All posts by Jim Woodmencey

2023 Jackson Hole Weather Review

Looking back at 2023, I would have to say that it provided more good weather news than bad.

It was a year that would begin with abundant snowfall and very cold temperatures throughout the winter months, followed by a cool and very wet summer, only to end that trend with two months of warmer and drier weather. That was 2023 in a nutshell.

I’ll summarize all the ups and downs, highs and lows, and highlights of the weather experienced here in Jackson Hole this past year. I will also look at how 2023’s weather compared to recent years and to the long-term averages, from the data at the Jackson Climate Station.

The End

Let’s begin with the bad news first, how the year ended on such a dry note. November 2023 had less than a half an inch of precipitation in town and just over 4 inches of snowfall, all of that coming in the Thanksgiving storm. Jackson’s average precipitation in November is 1.30 inches and average snowfall in November is 9 inches. In contrast, in November of 2022 Jackson had 3.20 inches of precipitation and 21 inches of snowfall.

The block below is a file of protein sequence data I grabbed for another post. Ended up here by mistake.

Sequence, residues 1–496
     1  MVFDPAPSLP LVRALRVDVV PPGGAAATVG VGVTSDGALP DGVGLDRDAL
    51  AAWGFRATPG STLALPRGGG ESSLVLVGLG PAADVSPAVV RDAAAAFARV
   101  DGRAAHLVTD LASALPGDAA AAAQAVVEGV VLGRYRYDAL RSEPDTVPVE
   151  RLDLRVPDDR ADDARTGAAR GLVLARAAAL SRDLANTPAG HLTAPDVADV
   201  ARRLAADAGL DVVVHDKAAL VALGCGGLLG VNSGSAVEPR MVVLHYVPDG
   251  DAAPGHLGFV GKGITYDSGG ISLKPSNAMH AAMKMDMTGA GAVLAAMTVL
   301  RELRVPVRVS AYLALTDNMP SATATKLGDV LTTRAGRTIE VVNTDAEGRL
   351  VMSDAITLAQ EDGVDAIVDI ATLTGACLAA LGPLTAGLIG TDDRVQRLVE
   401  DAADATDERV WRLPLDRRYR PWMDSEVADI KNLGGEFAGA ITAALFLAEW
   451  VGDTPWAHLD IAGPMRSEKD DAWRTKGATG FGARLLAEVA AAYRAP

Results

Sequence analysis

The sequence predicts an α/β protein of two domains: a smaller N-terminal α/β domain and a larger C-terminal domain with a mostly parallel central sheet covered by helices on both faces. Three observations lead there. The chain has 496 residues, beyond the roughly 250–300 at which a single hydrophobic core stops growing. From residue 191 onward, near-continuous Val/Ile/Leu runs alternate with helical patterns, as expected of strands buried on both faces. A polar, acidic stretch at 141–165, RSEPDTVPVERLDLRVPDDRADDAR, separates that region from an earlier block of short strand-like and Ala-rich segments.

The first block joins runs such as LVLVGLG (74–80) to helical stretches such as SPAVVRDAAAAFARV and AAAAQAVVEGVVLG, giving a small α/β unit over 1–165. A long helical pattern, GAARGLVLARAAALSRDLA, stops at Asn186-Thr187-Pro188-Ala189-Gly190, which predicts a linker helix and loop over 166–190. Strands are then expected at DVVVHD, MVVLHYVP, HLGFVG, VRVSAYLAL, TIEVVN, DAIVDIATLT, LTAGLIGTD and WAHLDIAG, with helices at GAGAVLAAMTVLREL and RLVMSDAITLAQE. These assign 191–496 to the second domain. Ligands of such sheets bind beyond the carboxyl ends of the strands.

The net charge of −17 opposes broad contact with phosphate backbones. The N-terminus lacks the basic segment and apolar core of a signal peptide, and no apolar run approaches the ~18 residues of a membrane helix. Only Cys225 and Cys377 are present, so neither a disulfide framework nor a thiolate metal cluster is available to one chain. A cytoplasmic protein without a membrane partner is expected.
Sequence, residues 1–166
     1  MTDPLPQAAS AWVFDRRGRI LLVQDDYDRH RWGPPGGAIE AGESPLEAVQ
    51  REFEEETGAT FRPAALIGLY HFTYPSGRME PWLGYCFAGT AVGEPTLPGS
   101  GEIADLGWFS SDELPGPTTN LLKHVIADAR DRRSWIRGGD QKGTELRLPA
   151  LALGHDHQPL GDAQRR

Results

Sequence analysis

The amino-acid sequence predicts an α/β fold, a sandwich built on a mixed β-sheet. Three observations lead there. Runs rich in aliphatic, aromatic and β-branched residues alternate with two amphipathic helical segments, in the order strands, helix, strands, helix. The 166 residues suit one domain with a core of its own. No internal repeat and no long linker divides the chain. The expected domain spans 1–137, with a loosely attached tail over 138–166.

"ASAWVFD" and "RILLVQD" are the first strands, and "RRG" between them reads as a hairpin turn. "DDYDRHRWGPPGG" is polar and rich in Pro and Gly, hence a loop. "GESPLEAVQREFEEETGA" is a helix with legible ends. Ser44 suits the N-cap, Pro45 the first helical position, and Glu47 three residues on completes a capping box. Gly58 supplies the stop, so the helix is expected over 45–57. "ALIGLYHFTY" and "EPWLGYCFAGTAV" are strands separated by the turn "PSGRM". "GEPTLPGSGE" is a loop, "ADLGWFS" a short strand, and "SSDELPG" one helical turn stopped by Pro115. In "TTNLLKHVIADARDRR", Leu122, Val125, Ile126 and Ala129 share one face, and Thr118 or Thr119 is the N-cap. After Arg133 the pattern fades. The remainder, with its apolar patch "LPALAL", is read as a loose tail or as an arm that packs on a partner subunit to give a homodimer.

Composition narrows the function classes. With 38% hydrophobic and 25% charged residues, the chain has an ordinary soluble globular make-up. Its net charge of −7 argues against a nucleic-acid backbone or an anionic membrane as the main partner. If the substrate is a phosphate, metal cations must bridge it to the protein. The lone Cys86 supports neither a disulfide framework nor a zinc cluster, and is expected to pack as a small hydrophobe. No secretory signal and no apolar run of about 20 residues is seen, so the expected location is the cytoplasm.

December averages 1.52 inches of precipitation and 17 inches of snow in the Town of Jackson. December 2023 only had 0.70 inches of water and 5.8 inches of snowfall. The year ended with only one inch of settled snow on the ground on December 31st, 2023.  Last year, December of 2022 had 2.32 inches of precipitation and 22 inches of snowfall. On the last day of December 2022, there was 14 inches of settled snow on the ground in Jackson.

Late December 2023

This was not the driest, nor the least snowy December on record here, although, I had to dig pretty deep to find Decembers that were grimmer than this one. There were maybe a dozen other Decembers in the records that had less snowfall than this December, but most had more than an inch of settled snow on the ground at year’s end.

One of the grimmest Decembers was 1976, which only recorded 4.5 inches of snowfall for the month and reported no snow on the ground in town on December 31st. December of 1962 was worse, with no snowfall all month and no snow on the ground at year’s end. December of 1917 had only 4.9 inches of snowfall and also reported no snow on the ground in town on December 31st.

The Beginning